This shift would require abandoning a vision of Pax-Americana. But it would nonetheless produce a region better able to serve as a partner over the coming decades. In other words, democracy for the Middle East need not be thought of as incompatible with order and synonymous with extremist violence. Rather, a region of democratic regimes that enjoy domestic legitimacy is likely the only viable method of ensuring that governments do not replay a continuous cycle of repression, entrenchment, and collapse.
If it fails to alter course, the Obama administration may well finally and irrevocably deplete its credibility in the region. For a decade local democracy advocates in the Middle East have called for change and hoped for Western support – only to be disappointed. On the rare occasion where support for democracy yielded free and fair elections – as in the Palestinian elections of 2006 – those outcomes were repudiated and replaced with punitive strategies, as exemplified by the blockade on Gaza. More often the language of democracy has been coupled with orchestrated exercises that returned reliable American clients to power. These dual tactics left many democracy activists on the ground suspicious of U.S. intentions and lent support to the view that the United States opposed local democratic demands.
To date Western responses to events in Egypt have been depressingly familiar. The leaders of France, Germany, and the United Kingdom took the unusual step of issuing a joint statement last weekend, but substantively it was nothing other than business as usual. Congratulating Mubarak on his “moderating influence” in the region, Prime Minister David Cameron, President Nicolas Sarkozy, and Chancellor Angela Merkel urged him “to show the same moderation in addressing the current situation in Egypt.” Messages from Europe this week have continued this theme, calling for reforms by the Mubarak regime rather than recognizing the legitimate demands of Egyptians for regime change.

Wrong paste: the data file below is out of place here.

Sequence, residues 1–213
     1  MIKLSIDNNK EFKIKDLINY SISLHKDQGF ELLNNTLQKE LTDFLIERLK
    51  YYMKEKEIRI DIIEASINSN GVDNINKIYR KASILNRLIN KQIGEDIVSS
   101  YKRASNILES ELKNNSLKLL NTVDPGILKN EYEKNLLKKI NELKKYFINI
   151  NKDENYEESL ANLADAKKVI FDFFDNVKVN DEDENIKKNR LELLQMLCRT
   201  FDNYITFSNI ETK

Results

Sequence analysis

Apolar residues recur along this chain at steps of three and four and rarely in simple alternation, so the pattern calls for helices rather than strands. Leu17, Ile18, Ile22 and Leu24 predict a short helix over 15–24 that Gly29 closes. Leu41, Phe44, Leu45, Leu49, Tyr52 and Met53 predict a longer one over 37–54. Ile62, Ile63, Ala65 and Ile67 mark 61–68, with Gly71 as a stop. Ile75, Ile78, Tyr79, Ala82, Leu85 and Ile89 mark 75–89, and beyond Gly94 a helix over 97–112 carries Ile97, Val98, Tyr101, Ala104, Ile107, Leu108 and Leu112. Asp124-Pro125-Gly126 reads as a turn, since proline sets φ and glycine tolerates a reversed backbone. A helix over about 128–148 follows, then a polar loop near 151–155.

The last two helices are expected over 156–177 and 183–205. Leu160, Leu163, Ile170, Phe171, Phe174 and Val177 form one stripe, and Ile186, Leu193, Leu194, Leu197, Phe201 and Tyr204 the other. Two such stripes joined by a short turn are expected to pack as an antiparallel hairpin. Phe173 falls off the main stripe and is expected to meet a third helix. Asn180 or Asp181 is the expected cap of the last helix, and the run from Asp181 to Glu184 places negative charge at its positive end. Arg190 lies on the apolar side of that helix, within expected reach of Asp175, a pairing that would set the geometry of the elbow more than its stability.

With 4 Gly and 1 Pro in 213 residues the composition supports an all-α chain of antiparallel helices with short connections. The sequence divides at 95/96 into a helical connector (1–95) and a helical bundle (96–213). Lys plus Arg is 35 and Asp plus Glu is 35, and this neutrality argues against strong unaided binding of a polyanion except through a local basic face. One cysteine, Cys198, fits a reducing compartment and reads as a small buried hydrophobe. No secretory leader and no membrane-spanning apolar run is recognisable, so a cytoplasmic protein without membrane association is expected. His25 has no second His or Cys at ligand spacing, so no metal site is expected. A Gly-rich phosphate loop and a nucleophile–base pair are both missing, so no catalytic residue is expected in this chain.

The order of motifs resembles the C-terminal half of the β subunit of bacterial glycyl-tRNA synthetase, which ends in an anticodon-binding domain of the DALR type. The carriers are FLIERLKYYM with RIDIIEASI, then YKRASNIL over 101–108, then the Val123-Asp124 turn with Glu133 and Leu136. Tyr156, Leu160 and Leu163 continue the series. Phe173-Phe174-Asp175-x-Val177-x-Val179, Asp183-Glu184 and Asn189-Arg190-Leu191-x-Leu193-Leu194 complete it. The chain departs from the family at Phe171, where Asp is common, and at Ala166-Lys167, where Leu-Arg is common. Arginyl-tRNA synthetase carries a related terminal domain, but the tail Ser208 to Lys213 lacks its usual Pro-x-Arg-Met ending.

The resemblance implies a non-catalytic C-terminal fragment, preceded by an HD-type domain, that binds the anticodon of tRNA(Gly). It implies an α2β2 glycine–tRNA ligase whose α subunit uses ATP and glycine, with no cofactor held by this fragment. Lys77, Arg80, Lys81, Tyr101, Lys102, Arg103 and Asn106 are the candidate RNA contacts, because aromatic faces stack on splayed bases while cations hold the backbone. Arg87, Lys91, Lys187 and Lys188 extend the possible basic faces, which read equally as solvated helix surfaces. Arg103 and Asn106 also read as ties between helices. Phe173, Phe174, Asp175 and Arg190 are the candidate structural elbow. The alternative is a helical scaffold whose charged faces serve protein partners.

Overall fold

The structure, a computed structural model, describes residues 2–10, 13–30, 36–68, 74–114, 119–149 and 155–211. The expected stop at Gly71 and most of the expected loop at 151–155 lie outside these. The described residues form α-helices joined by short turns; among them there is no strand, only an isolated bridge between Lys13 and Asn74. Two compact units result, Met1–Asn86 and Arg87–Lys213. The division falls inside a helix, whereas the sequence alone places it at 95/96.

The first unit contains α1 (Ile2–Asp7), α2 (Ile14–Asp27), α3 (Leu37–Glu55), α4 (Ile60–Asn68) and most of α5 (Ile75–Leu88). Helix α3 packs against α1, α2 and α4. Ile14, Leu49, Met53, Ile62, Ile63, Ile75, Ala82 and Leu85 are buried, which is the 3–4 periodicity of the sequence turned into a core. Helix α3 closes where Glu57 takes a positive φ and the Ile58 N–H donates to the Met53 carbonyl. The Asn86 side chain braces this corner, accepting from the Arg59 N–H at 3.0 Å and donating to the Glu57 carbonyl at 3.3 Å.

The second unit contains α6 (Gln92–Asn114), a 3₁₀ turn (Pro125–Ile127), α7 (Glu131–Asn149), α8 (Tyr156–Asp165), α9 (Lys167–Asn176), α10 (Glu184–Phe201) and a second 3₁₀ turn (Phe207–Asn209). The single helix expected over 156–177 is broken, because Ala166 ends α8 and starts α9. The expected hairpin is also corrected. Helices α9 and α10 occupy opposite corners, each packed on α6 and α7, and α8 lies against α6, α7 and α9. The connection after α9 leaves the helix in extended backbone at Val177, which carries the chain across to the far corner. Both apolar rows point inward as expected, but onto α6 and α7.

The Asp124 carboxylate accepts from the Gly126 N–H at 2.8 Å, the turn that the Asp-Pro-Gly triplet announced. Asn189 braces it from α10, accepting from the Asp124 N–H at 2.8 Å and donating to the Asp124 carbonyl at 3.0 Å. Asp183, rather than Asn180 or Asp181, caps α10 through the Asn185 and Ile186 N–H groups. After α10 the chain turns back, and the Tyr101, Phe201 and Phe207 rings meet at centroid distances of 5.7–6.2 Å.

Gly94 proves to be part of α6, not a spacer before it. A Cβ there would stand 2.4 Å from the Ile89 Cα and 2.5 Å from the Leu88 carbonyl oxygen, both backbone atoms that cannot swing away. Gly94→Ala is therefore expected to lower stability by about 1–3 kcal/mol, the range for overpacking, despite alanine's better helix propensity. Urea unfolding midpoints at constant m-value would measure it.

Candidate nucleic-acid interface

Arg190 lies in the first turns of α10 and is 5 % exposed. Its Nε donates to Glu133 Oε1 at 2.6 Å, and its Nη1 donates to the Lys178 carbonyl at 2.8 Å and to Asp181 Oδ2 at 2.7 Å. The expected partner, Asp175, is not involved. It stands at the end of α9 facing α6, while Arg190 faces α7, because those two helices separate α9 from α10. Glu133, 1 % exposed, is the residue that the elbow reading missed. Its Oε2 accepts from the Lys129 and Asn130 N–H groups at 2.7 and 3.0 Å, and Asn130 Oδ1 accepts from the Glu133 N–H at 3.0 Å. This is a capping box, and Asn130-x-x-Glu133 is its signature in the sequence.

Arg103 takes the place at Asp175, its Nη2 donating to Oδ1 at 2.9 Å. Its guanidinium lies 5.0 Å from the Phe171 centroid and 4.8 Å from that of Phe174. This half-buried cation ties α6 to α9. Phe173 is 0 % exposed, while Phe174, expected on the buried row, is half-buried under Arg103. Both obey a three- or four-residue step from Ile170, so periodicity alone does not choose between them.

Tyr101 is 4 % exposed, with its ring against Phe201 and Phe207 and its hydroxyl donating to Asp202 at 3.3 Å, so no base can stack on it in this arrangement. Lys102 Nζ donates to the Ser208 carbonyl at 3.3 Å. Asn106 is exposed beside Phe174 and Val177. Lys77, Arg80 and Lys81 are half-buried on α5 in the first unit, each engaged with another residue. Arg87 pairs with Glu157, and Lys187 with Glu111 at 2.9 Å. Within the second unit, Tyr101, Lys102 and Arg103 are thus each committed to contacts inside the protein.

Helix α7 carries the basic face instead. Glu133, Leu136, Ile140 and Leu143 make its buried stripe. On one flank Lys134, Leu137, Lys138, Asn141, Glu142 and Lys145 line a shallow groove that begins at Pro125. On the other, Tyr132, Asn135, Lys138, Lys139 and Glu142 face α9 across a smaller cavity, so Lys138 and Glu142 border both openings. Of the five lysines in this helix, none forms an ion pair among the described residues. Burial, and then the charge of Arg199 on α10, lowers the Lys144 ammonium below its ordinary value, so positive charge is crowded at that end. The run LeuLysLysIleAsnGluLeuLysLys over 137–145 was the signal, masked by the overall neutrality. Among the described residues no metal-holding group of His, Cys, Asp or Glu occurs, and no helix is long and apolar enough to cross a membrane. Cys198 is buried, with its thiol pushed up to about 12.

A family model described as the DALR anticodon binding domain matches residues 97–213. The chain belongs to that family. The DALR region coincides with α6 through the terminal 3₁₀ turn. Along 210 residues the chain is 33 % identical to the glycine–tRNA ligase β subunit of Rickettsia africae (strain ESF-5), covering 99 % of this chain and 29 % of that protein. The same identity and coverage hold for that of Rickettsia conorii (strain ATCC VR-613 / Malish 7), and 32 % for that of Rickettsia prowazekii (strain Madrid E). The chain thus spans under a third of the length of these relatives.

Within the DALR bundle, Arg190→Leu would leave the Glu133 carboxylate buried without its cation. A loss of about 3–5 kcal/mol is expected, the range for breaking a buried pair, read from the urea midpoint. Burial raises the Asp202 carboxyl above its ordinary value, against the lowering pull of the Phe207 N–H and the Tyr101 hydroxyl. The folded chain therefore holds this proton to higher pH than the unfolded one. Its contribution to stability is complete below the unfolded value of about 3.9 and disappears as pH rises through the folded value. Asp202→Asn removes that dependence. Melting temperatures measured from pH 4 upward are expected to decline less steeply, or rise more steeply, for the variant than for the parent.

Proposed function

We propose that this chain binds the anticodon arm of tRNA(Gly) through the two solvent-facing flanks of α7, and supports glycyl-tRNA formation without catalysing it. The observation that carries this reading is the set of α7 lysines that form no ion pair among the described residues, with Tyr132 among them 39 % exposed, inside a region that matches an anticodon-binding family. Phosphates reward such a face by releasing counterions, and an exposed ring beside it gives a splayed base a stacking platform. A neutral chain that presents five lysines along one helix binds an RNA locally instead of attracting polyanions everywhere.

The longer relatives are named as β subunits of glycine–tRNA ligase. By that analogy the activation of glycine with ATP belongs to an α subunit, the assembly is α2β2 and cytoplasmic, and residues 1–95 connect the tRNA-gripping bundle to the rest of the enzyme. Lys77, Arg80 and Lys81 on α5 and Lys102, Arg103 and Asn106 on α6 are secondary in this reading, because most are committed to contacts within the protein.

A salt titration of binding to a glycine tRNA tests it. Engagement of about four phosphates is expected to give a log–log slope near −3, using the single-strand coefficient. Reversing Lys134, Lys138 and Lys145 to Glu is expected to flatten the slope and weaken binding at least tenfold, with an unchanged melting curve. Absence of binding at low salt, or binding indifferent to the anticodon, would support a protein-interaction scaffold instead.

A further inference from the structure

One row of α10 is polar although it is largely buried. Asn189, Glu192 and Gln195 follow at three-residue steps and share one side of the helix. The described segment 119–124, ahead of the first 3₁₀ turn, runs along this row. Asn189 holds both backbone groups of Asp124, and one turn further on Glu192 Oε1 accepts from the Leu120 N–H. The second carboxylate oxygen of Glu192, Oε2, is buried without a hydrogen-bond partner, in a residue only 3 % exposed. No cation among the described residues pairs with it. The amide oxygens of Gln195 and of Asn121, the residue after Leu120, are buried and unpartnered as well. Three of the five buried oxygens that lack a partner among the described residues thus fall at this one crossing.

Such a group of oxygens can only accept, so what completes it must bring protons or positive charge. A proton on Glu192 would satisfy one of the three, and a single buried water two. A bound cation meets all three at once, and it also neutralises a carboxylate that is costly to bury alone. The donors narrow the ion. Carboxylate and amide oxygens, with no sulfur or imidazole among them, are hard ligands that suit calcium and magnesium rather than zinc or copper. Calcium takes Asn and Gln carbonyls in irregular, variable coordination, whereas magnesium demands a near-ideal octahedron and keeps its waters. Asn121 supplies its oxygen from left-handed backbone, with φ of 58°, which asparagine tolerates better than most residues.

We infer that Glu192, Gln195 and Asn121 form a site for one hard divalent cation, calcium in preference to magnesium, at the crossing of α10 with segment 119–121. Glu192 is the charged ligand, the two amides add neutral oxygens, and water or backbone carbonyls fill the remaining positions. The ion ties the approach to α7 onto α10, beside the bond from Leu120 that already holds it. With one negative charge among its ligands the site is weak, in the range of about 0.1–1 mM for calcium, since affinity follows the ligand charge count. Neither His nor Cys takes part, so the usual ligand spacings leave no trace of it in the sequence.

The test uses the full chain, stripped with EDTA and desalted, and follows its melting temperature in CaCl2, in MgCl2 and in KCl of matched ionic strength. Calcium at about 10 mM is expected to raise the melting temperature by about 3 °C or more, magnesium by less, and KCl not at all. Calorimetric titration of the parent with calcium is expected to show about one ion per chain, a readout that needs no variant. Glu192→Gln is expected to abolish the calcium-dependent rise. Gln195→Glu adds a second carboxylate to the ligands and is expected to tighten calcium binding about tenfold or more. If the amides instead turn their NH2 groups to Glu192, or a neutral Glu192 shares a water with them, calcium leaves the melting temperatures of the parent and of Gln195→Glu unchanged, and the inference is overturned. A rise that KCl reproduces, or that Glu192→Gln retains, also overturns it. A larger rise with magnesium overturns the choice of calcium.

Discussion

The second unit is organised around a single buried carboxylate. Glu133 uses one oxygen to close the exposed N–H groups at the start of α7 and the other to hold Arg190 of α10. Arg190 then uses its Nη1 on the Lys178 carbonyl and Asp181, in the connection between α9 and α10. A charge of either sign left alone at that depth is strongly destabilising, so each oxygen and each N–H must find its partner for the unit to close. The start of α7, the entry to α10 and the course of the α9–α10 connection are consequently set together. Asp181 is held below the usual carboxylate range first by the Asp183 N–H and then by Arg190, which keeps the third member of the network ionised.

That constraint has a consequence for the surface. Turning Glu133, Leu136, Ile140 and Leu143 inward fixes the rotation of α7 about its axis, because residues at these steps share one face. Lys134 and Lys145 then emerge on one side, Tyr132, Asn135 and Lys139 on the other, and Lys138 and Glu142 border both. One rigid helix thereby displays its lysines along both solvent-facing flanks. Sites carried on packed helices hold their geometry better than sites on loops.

Similarly, the message from President Obama on Tuesday focused on underscoring “orderly transition,” an apparent endorsement of Mubarak’s strategy to remain in office until September. In Mubarak’s February 1 address, he disparaged pro-democracy protesters while simultaneously posing the alternatives between his continued role and their demands as a choice between chaos and stability. President Obama stated in his address later that same evening that he had spoken to Mubarak and communicated to him the call for order and transition. The common themes underlying the President’s preferred approach and Mubarak’s own framing – chaos versus order – reflects a disturbing convergence around a blinkered vision for Egypt.
The emphasis on “orderly” or managed transition in Obama’s speech suggests coded language for a strategy of keeping Mubarak in office until a medium-term alternative can be identified. If events in the streets of Egypt demand a faster pace of change, an alternative shorter-term strategy of “transition” may yet emerge. Wednesday’s violence and the Obama administration’s response suggest that the United States might bow to the inevitability of a near-term exit for Mubarak. Yet such an exit may well be managed through U.S. coordination with Mubarak and his inner circle to produce another “orderly” process that maintains the regime – for instance, through Suleiman – until September or beyond. If the Obama administration supports either of these strategies of regime maintenance in the short- or medium-term – the U.S. approach will increasingly diverge from the demands of ordinary citizens for democracy.